Diane was awarded an American Fellowship from the American Association of University Women (AAUW). The American Fellowships, AAUW’s oldest and largest funding program, support women scholars who are completing doctoral dissertations, conducting postdoctoral research, or finishing research for publication. “The American Fellowship program affords scholars the ability to become leading thinkers in their fields and have an impact across multiple disciplines. It’s also a recognition of their great potential because they are receiving support from one of the nation’s most respected women’s organizations,” said Gloria Blackwell, AAUW vice president of fellowships, grants, and international programs. The AAUW (online at aauw.org) is one of the world’s leading supporters of graduate women’s education, having awarded nearly $100 million in fellowships, grants, and awards to more than 12,000 women. Diane feels extremely honored to have been selected to join their ranks, and will use her American Fellowship to fund her final year of dissertation-writing.
Diane's paper, "Paulinus and the Living Martyr: Making Martyrs in the Nolan Countryside,” won a "NAPS Outstanding Student Paper Prize" at the North American Patristics Society annual meeting in Chicago in May. The paper, which represents an argument from Diane's dissertation, explores the way that Paulinus of Nola (353-431) depicted St. Felix as a martyr despite the saint's death in peaceful old age, long after the threat of persecution had passed. She argues that Paulinus' treatment of Felix as a martyr is not only central to Paulinus' own spirituality, but also to his hopes for other Christians: Paulinus hoped to make martyrdom accessible to his contemporaries by offering Felix as a role model, making it possible for them to become martyrs, too.
FRUCHTMAN ALSO WINS THE 2013 ANDREA S. MCROBBIE GRADUATE FELLOWSHIP IN MEDIEVAL HISTORY!
Congratulations to Ph.D. candidate Diane Fruchtman who received the 2013 Andrea S. McRobbie Graduate Fellowship in Medieval History from the Medieval Studies Institute on September 15. The fellowship was established by the McRobbie family in 2007 in memory of the late Andrea McRobbie, who had a great interest in medieval history. The award is intended to support an advanced graduate student engaged in scholarship in medieval history, specifically some aspect of its social history or some theme in medieval social history related to its art, philosophy or literature. More information about the award can be found at Inside IU Bloomington.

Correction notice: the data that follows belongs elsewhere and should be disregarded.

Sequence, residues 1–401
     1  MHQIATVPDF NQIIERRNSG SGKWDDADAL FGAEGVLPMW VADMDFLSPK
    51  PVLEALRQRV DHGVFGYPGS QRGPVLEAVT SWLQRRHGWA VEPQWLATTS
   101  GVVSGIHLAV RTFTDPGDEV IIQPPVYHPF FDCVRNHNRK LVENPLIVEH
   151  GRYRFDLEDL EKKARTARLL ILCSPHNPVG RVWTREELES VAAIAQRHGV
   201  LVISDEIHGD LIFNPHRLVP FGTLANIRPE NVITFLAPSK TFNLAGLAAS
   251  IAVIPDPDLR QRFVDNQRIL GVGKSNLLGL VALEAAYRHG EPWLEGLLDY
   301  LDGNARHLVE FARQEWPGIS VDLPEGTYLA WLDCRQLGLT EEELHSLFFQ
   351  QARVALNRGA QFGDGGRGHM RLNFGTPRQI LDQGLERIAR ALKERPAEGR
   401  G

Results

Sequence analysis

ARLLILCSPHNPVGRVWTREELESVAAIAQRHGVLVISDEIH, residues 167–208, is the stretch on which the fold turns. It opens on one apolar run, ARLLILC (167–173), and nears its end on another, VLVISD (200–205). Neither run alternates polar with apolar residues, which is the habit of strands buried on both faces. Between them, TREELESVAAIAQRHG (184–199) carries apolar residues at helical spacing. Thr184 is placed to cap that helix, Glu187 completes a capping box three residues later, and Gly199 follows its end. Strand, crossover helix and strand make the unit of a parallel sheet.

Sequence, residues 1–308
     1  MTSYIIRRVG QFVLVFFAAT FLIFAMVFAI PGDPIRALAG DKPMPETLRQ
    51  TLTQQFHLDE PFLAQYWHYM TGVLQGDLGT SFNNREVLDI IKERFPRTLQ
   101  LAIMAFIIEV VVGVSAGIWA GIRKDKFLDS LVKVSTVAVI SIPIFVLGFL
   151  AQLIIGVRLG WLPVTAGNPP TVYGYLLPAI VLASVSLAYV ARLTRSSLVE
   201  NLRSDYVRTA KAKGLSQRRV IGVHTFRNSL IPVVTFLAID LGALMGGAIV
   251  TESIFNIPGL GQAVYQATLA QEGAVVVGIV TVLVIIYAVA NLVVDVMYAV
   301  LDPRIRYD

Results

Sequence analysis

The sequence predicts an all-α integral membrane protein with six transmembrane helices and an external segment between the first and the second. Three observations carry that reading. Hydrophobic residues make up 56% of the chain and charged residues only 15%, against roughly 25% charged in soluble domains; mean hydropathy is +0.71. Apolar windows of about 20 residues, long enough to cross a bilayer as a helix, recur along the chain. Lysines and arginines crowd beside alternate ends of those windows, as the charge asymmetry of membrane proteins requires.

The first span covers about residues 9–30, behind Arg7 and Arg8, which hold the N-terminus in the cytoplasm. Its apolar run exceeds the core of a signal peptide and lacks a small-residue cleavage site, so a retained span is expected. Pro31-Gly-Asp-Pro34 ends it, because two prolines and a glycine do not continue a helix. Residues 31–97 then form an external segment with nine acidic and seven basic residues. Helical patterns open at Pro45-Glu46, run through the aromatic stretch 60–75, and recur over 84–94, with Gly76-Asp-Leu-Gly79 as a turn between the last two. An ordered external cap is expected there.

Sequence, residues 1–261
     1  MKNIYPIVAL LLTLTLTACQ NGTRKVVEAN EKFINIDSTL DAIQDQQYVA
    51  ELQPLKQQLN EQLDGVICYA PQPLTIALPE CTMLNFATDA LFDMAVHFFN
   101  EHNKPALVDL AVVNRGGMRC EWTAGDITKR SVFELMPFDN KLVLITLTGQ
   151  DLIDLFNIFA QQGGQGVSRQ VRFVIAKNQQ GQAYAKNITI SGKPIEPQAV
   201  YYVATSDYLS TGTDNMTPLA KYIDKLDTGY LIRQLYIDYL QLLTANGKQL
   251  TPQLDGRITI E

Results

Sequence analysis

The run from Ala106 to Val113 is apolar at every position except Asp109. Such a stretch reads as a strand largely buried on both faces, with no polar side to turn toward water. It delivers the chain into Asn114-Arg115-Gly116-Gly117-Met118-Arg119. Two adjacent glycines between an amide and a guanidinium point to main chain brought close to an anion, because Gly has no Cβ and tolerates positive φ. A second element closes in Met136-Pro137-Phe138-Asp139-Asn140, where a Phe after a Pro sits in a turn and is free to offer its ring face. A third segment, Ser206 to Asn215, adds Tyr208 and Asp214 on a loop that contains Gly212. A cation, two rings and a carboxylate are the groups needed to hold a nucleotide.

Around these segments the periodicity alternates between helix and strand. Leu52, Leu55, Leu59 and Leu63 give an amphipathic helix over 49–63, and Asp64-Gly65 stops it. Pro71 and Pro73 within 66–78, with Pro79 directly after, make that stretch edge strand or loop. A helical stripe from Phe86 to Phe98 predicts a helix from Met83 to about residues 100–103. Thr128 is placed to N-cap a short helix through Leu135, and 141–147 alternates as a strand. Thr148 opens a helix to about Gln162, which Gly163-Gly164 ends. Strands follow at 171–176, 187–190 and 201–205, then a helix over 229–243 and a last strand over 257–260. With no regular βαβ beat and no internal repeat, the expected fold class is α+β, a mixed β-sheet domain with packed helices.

April 2013 - We are delighted to announce that Will Smith, advisor for the departments of American Studies, Philosophy, Religious Studies, and the Dhar India Studies Program, has been selected as the recipient the 2013 College of Arts and Sciences Advisor of the Year Award. According to Will, he was " excited to receive this unexpected honor. I'm glad that students find my work so helpful." Please join us in congratulating Will on this well-deserved award!
Syifa Widigdo attended International Institute of Islamic Thought Summer Student Program 2013 from May 27-July 3, 2013 in Herndon, Virginia this summer. At the end of the program he was awarded the "IIIT Research Fellowship Award 2013." This award will provide funds for him to participate in some academic conferences and write a research paper that will be published in the end of 2014.
Junior David Bloom has been selected by the College of Arts and Sciences as a recipient of the Palmer-Brandon Prize in the Humanities for 2013-2014. Read the press release
Kristin Riebsomer was selected as a recipient of a 2013 Intensive Writing Prize for her essay entitled “The History of the Historical Jesus: From Salvation to Desecration.” Her paper was written for REL-R 389 with Prof. Michaelson.
Rafal Swiatkowski was selected froma pool of more than 50 candidates to receive the Abel Scholarship from the College of Arts and Sciences for the 2013-2014 academic year through the Senior Scholarship Competition.
Derek Briles and Kerry Hoffer have been elected to Phi Beta Kappa (ΦBK) for the Spring 2013 semester.
2013 STUDENT ESSAY WINNERS ANNOUNCED
Undergraduate Gallagher essay contest:
- 1st place: David Bloom, "The Creation Theme in 4QBerakhot."
- 2nd place: Tyler Simnick, "A Conservative and Enlightened Atheist: Hegel as Stretch Armstrong."
- 3rd place: Kristin Riebsomer, "The History of the Historical Jesus: From Salvation to Desecration."
Undergraduate honors thesis:
- Andrew Sweet, "By the Gift and Power of God”: Joseph Smith as Translator and the Origins of Mormon Theology."
Graduate essay contest:
- Ashlee Andrews, "Knowing the Formless, Loving the Form"
- Joe Bartlett, "Relating Morphology and History"